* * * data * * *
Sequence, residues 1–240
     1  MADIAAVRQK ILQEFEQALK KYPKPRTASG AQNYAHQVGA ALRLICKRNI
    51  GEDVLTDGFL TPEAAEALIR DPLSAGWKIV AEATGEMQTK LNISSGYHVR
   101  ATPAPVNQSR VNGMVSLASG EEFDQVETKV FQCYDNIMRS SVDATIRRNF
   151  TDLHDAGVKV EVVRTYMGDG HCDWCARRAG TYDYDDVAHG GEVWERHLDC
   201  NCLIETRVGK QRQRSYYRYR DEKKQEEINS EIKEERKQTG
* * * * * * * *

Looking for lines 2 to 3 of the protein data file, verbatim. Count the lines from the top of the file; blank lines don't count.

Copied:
     1  MADIAAVRQK ILQEFEQALK KYPKPRTASG AQNYAHQVGA ALRLICKRNI
    51  GEDVLTDGFL TPEAAEALIR DPLSAGWKIV AEATGEMQTK LNISSGYHVR